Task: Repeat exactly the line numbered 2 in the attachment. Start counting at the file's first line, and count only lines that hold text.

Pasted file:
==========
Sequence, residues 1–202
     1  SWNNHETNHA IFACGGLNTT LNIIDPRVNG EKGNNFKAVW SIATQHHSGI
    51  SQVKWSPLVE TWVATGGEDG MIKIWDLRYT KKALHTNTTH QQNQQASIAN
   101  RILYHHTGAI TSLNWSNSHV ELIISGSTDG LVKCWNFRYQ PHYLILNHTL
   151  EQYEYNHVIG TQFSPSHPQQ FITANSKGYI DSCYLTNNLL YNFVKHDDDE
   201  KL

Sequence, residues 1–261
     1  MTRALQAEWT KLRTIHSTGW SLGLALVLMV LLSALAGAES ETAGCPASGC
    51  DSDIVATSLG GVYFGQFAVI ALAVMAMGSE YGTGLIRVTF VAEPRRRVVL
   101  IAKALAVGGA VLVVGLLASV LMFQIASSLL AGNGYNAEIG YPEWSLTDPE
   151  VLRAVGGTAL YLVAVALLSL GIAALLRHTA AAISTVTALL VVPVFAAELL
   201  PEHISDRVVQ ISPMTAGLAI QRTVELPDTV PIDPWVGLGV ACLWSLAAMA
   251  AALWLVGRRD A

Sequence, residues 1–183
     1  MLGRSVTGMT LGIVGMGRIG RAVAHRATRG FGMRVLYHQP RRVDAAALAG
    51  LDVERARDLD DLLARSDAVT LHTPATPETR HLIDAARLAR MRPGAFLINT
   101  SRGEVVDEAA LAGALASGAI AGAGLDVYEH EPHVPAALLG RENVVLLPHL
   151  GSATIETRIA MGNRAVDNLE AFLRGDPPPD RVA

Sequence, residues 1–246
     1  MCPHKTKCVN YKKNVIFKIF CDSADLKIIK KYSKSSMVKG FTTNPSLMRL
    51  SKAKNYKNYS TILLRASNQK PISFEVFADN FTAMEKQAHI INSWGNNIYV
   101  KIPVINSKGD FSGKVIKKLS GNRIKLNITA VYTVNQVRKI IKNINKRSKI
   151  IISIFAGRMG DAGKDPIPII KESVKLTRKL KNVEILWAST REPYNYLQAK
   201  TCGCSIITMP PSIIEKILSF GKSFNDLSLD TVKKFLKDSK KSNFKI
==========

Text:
     1  SWNNHETNHA IFACGGLNTT LNIIDPRVNG EKGNNFKAVW SIATQHHSGI